The Standard Times reported on San Angelo City Council's designated use of Early Retiree Reimbursement Program funds:
The council ended up voting 5-1 to apply the $343,287 to pay 2012 (i.e. current, immediate) claims and then take a comparable amount out of the city's self insurance fund and put it into the fund balance (i.e. the savings account fund within the health insurance fund), so that there are not "federal strings" attached to how that money can be used in the future. The motion approved stipulated that the money will be used for rate stability or possible catastrophic claim experience.ERRP states funds can be used to increase benefits or reduce premiums. Under their vote Council will not use funds for either purpose. ERRP.gov noted:
To the extent a sponsor decides to use the reimbursement for its own purposes, it may use the reimbursement only to offset increases in the sponsor's health benefit premiums or health benefit costs.Council's November decision on health insurance ensured the city's portion would decline. Benefits did not increase. They decreased dramatically for "out of network" care. While employee/retiree premiums will decrease in 2012, the source of that premium break is not ERRP funding.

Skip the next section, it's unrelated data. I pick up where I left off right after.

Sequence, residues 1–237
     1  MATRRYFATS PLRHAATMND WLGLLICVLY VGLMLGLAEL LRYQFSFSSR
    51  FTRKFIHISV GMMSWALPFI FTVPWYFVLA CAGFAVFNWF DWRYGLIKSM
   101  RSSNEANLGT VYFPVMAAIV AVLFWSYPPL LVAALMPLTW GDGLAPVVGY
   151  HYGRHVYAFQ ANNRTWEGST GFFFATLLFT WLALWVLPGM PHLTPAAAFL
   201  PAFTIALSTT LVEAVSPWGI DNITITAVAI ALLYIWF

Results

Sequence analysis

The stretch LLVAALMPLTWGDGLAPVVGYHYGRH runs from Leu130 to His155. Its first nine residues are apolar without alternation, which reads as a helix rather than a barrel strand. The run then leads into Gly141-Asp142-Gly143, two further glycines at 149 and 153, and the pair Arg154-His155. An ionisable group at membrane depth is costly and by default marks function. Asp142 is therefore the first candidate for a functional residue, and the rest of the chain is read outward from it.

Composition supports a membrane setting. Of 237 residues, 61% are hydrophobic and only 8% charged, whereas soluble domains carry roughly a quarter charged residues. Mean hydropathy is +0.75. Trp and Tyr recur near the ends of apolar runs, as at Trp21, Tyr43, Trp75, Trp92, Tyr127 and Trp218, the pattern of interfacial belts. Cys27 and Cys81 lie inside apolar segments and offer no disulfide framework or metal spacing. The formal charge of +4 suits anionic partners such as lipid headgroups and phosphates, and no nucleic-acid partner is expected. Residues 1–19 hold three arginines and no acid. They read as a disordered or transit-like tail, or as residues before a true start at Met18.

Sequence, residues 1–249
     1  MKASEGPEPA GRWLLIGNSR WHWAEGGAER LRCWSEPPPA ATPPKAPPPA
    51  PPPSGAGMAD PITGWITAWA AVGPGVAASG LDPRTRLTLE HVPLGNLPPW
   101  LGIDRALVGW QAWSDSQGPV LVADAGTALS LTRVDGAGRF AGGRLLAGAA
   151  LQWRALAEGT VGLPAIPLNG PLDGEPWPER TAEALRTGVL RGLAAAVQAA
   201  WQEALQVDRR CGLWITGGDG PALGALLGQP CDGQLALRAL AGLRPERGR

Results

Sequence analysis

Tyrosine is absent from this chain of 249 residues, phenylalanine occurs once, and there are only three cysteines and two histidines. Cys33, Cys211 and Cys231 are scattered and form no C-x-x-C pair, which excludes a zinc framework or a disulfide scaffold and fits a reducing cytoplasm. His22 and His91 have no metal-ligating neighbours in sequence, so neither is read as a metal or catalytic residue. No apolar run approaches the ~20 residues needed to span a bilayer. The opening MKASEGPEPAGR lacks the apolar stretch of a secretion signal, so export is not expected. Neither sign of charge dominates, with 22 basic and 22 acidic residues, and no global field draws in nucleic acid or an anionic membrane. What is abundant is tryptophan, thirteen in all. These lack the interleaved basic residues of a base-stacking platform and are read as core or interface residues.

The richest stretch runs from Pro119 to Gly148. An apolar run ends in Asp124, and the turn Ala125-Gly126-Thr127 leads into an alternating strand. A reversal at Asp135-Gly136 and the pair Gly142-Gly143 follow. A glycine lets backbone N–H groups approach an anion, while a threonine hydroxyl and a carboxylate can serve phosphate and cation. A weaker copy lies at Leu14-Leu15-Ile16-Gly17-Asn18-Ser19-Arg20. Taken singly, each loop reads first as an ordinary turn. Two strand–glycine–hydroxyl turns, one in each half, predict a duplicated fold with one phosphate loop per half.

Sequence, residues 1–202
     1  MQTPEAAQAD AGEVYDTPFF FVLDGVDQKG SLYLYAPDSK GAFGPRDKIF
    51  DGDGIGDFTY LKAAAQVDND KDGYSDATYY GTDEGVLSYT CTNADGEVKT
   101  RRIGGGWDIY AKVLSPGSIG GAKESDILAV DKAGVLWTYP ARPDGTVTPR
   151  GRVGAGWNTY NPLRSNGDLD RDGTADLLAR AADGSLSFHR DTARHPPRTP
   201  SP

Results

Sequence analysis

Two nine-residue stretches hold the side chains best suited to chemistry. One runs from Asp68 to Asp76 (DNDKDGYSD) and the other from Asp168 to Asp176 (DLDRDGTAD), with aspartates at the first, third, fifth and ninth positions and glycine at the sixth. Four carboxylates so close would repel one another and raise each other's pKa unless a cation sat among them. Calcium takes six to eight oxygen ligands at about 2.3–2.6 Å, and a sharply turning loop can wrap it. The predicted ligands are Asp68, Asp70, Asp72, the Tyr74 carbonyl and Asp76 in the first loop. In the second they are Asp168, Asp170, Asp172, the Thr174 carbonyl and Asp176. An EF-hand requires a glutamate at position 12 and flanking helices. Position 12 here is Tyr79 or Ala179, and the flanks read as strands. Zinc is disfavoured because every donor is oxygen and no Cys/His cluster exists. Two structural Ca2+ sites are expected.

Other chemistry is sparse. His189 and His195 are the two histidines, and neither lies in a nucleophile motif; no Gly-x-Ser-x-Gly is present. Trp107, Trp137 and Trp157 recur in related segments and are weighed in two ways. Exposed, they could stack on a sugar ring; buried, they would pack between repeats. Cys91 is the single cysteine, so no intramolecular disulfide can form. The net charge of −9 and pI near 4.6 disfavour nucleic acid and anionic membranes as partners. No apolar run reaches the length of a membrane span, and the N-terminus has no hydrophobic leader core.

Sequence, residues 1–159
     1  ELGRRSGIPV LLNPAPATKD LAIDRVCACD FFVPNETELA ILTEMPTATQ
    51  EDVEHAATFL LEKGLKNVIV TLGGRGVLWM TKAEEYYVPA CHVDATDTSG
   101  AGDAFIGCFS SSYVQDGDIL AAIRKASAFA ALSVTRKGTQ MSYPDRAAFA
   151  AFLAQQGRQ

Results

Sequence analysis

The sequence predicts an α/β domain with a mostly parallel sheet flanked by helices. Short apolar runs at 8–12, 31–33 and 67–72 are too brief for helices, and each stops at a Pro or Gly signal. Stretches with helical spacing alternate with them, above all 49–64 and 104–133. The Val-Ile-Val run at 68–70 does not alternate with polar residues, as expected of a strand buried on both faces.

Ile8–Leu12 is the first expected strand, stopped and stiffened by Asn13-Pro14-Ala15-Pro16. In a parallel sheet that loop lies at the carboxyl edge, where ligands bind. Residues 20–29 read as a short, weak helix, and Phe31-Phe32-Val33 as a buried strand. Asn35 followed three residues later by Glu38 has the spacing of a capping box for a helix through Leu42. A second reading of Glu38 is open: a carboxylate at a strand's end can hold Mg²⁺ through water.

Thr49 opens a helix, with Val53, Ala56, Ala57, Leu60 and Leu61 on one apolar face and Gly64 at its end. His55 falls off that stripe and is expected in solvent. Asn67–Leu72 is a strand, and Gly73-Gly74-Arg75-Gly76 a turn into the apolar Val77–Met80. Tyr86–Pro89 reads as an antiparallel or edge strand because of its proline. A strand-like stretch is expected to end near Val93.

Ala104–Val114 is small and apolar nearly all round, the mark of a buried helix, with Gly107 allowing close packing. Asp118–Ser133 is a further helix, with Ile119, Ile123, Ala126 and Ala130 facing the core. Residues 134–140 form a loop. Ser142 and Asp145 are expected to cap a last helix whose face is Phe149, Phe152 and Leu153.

Since qualifying for ERRP in August 2010, the City funded a consistent $4.77 million for health coverage. Council's decision knocks down the city's contribution from $4.77 million to $4.43 million for budget year 2011-2012.
Rather than use ERRP money to impose a less draconian burden on employee and retiree dependents in 2011, COSA plans to "pay claims" in 2012, when it supposedly will save $483,000 under an exclusive arrangement with Community Medical Center, this after coming in $1 million under budget in their self insurance fund.
One could argue the fairness of the city passing on the vast majority of premium increases in 2011, while holding the lion's share of savings in 2012. That seems patently unfair, a scorching of employees, retirees and dependents. However, a greater issue is the City's compliance with ERRP regulations.
In this citizen's mind this clearly fails ERRP's maintenance of contribution requirement. Might the feds ask for their money back?
The city has been evasive and obtuse on this issue since getting approval from the feds. If the city has the feds snooping around their use of funds, it's earned and well deserved.